Can't figure out how to solve this!

Rengoku0510

New member
Hi, I would like to get some help on question d.

I don't even know where to start

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Pedja

New member
$\frac{2^{5x}}{32^x}=\frac{2^{5x}}{(2^5)^x}=\frac{2^{5x}}{2^{5x}}=2^{5x-5x}=2^0=1$
Your exercises could be done in a similar way.

Dr.Peterson

Elite Member
Hi, I would like to get some help on question d.

I don't even know where to start
You'll do the same sort of thing you did for (c), only more so. If nothing else, show us your work for (c), so we can use that as a start.

As you presumably did there, you can start by expressing some of the bases as powers of other bases. After all, that's the hint they gave you!

Otis

Elite Member
$= \frac{2^{5x}}{2^{5x}} = 2^{5x-5x} = 2^0 = 1$
I like your example, yet I would have finished with

$= \frac{2^{5x}}{2^{5x}} = 1$

Rengoku0510

New member
I'm sorry but I don't get it at all.
I can understand the examples but I don't know how to apply it to this one.

This is what I've done so far but I'm really confused.

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Otis

Elite Member

That's good, Rengoku, with two fixes.

3^9 = 19683 not 27

5^5 = 3125 not 125

Next, use the commutative property to write a ratio of powers of 3 multiplied by a ratio of powers of 5. In other words, swap the numerators. Then, expand the exponents (use distributive property).

See whether that helps you finish.

Harry_the_cat

Elite Member
The best thing you can do with these sort of questions is "get to know" the powers of 2, 3 and 5.
ie, $$\displaystyle 2^0=1, 2^1=1, 2^2=4, 2^3=8, 2^4=16, 2^5= 32, 2^6=64, 2^7=128, 2^8=256, 2^9=512, 2^{10}=1024$$
$$\displaystyle 3^0=1, 3^1=3, 3^2=9, 3^3=27, 3^4=81, 3^5=243$$
$$\displaystyle 5^0=1, 5^2=25, 5^3=125, 5^4=625$$ for starters.

The first "thing" I see when looking at (d) is that all the bases can be written in terms of 3s and 5s. That's because I know that $$\displaystyle 3^3=27$$, and $$\displaystyle 5^3=125$$. If you don't know those basic facts, these questions are so much more difficult. Take the time to make those numbers your friends!

I used to tell my students to write the above on a big piece of paper, paste it up in the toilet, and look at it every day!!

So the first thing to do is replace 27 with ($$\displaystyle 3^3)$$ and 125 with ($$\displaystyle 5^3)$$ which is what you attempted to do. Brackets are very important.

Now show us what you can do.

Rengoku0510

New member
After spending all afternoon I finally managed to get the right answer Thank you so much everyone!!!

I'll rest my brain for now and try solving this again tomorrow to see if I could do it without getting stuck!

Harry_the_cat

Elite Member
After spending all afternoon I finally managed to get the right answer Thank you so much everyone!!!

I'll rest my brain for now and try solving this again tomorrow to see if I could do it without getting stuck!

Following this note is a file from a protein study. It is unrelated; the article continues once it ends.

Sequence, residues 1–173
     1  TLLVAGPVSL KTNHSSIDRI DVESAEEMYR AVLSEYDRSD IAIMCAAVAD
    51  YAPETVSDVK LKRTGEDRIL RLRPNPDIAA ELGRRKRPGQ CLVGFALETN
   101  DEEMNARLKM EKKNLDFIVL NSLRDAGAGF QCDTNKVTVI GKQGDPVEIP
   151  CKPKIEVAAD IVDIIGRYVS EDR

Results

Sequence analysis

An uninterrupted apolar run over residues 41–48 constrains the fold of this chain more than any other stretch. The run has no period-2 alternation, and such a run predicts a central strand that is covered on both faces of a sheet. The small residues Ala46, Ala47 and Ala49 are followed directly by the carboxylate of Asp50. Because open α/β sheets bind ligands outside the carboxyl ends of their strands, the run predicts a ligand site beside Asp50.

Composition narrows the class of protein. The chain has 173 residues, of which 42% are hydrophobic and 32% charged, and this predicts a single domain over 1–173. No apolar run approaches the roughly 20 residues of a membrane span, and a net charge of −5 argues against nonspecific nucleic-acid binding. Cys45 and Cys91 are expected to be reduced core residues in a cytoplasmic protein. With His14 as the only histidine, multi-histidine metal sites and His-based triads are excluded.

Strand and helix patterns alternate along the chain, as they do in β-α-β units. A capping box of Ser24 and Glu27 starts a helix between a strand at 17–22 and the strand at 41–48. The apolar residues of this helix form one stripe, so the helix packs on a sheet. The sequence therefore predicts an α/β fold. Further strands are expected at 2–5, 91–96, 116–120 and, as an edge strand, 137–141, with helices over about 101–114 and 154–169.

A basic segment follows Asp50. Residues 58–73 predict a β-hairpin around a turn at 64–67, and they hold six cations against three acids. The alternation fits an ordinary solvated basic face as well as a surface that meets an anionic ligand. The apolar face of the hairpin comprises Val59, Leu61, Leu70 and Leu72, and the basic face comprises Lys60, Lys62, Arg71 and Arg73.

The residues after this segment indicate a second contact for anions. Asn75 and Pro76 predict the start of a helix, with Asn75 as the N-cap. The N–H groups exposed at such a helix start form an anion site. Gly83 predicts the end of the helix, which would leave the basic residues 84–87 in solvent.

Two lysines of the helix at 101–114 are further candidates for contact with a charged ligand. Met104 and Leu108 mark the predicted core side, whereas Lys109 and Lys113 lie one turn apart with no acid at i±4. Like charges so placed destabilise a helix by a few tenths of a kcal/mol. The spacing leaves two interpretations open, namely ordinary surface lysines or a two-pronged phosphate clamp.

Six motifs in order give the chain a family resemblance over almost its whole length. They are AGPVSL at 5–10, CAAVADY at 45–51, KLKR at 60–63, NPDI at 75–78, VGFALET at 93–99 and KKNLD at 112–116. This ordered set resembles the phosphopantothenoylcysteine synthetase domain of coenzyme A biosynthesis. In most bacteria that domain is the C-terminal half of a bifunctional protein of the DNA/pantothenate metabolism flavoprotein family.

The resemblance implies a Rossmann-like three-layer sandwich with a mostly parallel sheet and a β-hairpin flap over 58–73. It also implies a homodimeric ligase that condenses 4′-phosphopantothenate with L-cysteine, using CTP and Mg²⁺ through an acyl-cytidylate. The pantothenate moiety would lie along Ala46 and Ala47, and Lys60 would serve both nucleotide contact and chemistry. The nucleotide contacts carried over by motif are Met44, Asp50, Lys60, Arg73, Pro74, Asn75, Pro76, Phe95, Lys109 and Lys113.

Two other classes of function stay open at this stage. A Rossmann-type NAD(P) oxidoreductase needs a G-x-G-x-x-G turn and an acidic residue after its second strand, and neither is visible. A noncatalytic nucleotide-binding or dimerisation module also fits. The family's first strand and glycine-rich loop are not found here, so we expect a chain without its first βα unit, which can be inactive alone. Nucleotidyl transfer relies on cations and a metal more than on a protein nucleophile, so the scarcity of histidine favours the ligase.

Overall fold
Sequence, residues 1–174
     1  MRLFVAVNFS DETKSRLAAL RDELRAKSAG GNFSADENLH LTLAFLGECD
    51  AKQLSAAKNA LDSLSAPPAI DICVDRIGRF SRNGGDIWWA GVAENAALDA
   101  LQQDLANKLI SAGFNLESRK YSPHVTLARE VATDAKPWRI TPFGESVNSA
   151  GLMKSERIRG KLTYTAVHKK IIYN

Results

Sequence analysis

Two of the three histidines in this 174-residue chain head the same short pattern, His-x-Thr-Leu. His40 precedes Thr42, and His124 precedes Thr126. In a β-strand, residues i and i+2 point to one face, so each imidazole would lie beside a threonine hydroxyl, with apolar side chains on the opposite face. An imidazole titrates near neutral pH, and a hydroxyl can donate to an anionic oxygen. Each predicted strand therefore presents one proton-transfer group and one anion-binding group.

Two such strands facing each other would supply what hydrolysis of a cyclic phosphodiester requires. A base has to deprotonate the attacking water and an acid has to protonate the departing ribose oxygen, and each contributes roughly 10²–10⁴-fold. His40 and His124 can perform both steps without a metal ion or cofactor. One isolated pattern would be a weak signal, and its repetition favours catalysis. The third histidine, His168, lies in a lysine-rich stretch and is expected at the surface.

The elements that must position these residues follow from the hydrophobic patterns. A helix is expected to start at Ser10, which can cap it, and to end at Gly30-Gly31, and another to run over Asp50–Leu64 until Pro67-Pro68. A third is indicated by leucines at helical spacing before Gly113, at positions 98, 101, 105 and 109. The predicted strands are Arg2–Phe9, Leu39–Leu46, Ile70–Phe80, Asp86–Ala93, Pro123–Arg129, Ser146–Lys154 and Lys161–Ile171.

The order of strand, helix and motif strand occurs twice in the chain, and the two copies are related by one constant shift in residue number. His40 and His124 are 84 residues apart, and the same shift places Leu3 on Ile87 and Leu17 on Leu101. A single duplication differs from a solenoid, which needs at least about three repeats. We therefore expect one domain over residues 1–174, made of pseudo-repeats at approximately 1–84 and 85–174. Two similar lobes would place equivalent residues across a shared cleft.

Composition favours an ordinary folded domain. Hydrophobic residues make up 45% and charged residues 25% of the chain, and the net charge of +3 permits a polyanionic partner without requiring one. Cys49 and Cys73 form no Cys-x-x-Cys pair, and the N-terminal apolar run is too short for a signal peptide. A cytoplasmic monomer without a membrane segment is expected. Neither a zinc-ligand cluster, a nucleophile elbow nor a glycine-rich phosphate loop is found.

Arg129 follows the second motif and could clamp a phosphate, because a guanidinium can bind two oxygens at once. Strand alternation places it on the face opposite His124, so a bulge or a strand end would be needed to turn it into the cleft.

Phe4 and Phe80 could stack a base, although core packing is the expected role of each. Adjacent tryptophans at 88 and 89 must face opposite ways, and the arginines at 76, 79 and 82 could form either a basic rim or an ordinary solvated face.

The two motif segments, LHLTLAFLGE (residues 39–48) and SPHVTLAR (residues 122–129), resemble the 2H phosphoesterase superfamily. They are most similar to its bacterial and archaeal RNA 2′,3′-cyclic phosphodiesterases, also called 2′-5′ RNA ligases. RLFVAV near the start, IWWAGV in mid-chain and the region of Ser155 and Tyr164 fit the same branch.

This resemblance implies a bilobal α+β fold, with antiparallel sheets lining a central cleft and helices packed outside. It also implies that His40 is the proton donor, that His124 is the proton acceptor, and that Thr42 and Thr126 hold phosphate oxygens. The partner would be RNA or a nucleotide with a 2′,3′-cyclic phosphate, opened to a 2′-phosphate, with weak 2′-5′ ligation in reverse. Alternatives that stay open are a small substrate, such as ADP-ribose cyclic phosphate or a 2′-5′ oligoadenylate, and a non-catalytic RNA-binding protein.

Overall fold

Good on you for not giving up!! Well done!

New member
May I post my attempt at this since op has said they have got the answer?

mmm4444bot

Super Moderator
Staff member
May I post my attempt at this since op has said they have got the answer?
Yes, that's fine.

New member

Sorry for poor quality... Last line says: 5^- 3n-3 * 3^n+2 = 15^-2n-1

Harry_the_cat

Elite Member
You were correct right up until the last step. You can't do that. You are saying something like $$\displaystyle 2^4 * 3^5 = 6^9$$. That's not correct is it?

lookagain

Elite Member
Sorry for poor quality... Last line says: 5^- 3n-3 * 3^n+2 = 15^-2n-1

When you type this in horizontal style, you must use grouping symbols, as in
5^(-3n - 3)*3^(n + 2).

New member
You were correct right up until the last step. You can't do that. You are saying something like $$\displaystyle 2^4 * 3^5 = 6^9$$. That's not correct is it?

So the first rule doesn't apply here since they don't have the same base, thanks.

I'm not sure if the second rule applies; does the fact that they both have n as part of their exponents mean they have the same exponents or must it be exactly 3n-3 or n+2?

EDIT:

Question says simplify so do I just leave it as 5^(-3n - 3)*3^(n + 2)? Is it not possible to multiply these then?

Last edited:

Harry_the_cat

Elite Member
The second rule doesn't apply either because the exponents are not the same.
The answer is the LHS of your last line. You can't do anything more. To simplify the expression. It's important to know when to stop.

New member
Thanks very very much!

lookagain

Elite Member
Question says simplify so do I just leave it as 5^(-3n - 3)*3^(n + 2)? Is it not possible to multiply these then?
The answer is the LHS of your last line. You can't do anything more. To simplify the expression. It's important to know when to stop.

There is an alternative. Write it as the simplified fraction

$$\displaystyle \dfrac{3^{n + 2}}{5^{3n + 3}}.$$

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New member
There is an alternative. Write it as the simplified fraction

$$\displaystyle \dfrac{3^{n + 2}}{5^{3n + 3}}.$$
Thanks but how do you know 3^(n+2) is the numerator and not 5^(3n+3)?

lookagain

Elite Member
Thanks but how do you know 3^(n+2) is the numerator and not 5^(3n+3)?

If you have a positive leading coefficient for the exponent, then the corresponding term goes in
the numerator and vice versa.

See that 5^(-3n - 3) from the product is equal to
5^[-(3n + 3)]. This is equivalent to 1/[5^(3n + 3)].

I must go now.